National Council of Welfare

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Governments should take advantage of the U.N. International
Year of Older Persons to renew the fight against poverty among
seniors, the National Council of Welfare said in a report
published today.

"Contrary to popular opinion, the war on poverty among
seniors is not yet over," said the report, A Pension Primer.
"Poverty rates have indeed declined more or less steadily
within the past generation, but 17 percent of Canadians 65
and older were poor in 1997."

The overall poverty rate for seniors can be misleading,
because poverty rates for married seniors are very low and
poverty rates for seniors living on their own are very high.
The poverty rate for unattached women 65 and over was 42
percent in 1997 -- the second highest rate for any of the
eight major family types in Canada.

A Pension Primer is an updated version of earlier reports
by the National Council of Welfare that describe the
three levels of Canada's retirement system. Although the
system as a whole has improved markedly over the years, there
are still major problems that governments have not yet addressed. -2-

"The sad truth about the last several years is that most
governments have been more interested in extracting money from
seniors than helping them maintain a decent standard of living,"
the report concludes.

At the first level of the retirement income system,
combined federal and provincial benefits are not high enough
to get most seniors over the poverty line. The last major
increase in federal benefits for seniors was an increase in
the Guaranteed income Supplement at the end of 1984. The last
increase even proposed by Ottawa was an increase of $10 a
month per household in 2001 as part of the switch to the
proposed new Seniors Benefit. Plans for the benefit were
subsequently abandoned by the federal government.

At the second level, the shortcoming of the Canada
Pension Plan and Quebec Pension Plan that overshadows all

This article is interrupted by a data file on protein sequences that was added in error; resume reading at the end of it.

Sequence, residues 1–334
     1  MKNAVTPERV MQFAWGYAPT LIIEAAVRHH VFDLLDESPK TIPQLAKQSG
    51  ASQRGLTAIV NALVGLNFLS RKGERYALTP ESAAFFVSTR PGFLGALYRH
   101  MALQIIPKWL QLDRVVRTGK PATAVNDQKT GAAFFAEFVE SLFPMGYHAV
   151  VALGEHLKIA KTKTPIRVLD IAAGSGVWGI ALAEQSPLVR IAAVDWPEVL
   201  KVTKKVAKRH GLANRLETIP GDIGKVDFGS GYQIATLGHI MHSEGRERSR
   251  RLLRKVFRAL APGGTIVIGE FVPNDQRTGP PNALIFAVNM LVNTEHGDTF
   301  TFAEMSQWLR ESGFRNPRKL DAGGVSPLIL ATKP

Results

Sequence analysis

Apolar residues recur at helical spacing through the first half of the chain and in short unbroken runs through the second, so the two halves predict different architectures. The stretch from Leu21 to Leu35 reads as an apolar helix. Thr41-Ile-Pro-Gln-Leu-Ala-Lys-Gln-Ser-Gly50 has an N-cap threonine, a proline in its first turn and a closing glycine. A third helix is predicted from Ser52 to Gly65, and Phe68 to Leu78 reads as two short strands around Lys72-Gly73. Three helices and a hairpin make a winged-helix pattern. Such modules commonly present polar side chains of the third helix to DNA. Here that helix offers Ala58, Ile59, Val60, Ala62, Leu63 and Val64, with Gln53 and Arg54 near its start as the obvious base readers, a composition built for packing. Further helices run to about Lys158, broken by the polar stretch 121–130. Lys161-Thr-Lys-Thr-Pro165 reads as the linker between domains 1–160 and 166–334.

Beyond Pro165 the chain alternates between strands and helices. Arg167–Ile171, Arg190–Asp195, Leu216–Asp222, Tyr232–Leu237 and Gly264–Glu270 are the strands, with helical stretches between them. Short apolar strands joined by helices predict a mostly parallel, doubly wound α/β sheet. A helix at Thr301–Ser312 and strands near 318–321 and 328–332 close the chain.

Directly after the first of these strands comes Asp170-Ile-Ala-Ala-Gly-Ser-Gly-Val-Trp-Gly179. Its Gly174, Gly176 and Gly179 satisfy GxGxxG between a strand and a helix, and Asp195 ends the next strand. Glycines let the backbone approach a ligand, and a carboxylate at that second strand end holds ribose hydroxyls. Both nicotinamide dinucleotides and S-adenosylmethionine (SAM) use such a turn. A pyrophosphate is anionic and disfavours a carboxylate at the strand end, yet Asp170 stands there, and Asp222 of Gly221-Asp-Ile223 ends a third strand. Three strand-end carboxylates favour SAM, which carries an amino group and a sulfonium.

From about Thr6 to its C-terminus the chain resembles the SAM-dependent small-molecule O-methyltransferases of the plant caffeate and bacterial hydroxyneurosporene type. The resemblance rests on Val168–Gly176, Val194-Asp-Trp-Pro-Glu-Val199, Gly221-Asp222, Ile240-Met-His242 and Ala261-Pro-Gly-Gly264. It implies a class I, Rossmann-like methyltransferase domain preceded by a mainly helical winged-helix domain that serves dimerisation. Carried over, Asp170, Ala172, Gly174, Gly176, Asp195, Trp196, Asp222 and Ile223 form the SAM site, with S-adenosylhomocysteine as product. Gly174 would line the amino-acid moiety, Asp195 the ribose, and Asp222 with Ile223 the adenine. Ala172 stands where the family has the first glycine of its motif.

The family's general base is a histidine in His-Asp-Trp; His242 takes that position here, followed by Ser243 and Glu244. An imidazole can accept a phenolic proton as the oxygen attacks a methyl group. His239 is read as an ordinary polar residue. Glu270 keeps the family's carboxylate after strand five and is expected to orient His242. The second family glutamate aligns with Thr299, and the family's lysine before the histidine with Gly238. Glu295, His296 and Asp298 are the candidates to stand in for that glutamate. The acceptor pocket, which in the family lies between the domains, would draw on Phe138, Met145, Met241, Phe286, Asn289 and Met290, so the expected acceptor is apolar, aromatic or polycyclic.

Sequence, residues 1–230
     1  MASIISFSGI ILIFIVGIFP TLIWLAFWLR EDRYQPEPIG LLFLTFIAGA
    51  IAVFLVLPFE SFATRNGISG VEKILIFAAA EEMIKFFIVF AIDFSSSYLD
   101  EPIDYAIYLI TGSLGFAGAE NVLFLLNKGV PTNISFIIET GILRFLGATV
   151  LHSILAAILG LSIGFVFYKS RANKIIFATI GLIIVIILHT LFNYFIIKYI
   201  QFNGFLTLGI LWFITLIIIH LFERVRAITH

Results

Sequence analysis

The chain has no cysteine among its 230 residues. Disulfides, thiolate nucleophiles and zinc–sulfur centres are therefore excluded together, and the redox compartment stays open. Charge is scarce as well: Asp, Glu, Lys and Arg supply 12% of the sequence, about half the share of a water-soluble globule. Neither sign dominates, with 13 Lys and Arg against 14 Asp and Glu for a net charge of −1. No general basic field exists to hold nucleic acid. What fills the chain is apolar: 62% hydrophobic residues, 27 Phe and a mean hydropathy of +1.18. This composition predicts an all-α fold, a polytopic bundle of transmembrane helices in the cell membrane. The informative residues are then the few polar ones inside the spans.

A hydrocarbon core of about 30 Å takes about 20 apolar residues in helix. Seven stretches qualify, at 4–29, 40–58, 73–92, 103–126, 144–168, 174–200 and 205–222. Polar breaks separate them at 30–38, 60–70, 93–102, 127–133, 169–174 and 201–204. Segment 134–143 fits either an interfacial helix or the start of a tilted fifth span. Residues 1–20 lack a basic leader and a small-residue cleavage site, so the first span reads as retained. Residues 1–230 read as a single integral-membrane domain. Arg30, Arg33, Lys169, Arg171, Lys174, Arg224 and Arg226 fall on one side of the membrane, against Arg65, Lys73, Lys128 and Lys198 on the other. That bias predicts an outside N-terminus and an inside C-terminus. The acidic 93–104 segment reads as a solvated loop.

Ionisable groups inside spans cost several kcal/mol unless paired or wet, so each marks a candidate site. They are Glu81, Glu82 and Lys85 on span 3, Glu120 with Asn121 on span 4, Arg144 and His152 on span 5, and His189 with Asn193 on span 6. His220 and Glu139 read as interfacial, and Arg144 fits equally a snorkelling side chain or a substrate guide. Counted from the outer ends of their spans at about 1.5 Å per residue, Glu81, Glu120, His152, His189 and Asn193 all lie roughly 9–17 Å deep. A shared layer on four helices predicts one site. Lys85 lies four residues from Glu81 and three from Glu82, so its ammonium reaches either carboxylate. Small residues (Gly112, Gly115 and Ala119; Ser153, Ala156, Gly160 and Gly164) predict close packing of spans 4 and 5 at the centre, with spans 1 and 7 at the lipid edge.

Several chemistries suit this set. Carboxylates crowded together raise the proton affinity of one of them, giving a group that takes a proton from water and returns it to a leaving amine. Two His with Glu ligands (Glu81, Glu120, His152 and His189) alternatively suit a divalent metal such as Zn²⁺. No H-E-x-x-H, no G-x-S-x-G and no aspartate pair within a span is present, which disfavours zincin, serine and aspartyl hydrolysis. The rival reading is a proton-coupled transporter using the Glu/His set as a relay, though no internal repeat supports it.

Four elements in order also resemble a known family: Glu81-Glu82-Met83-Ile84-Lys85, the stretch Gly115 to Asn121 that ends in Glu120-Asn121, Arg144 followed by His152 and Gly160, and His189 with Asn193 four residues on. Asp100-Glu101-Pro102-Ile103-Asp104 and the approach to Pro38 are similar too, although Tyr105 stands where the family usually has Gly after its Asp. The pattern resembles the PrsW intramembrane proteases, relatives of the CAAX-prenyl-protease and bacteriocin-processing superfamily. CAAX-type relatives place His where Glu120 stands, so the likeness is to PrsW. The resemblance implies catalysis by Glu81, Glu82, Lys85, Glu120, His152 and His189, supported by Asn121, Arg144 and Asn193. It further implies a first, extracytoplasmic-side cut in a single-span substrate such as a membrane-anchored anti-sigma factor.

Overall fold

others is the low limit on retirement benefits. The plans
were designed to replace a maximum of 25 percent of earnings
up to the average industrial wage. That's not enough to keep
most seniors out of poverty. The last round of changes in
the CPP, however, showed that the federal government and most
provincial governments were much more interested in trimming
benefits than enhancing them.

The occupational pension plans and registered retirement
saving plan (RRSPs) in the third level of the system work very
well -- but only for the people who are able to take advantage
of them. Many employers in the private sector have not set
up plans for their workers. And in terms of private savings,
many poor people do not have the money to contribute to RRSP. -3-

The latest Statistics Canada figures show that the total
poverty gap for seniors -- or the amount of money it would have
taken to raise the incomes of all poor seniors up to the poverty
line -- was just under $1.5 billion in 1997.

That may sound like a lot of money, but it is a very small
percentage of federal government spending. Ottawa could get the
money to wipe out poverty among seniors simply by converting tax
deductions for RRSPs to tax credits. Tax credits would give the
same tax break to all people who contribute to RRSPs, and they
would save the federal government about $2 billion a year in
lost revenue. The $2 billion could be used to help low-income

The National Council of Welfare is a citizens' advisory group
to the Minister of Human Resources Development. __________________________ For more information, please contact: National Council of Welfare 1010 Somerset Street West, 2nd Floor Ottawa K1A 0J9 (613) 957-2961

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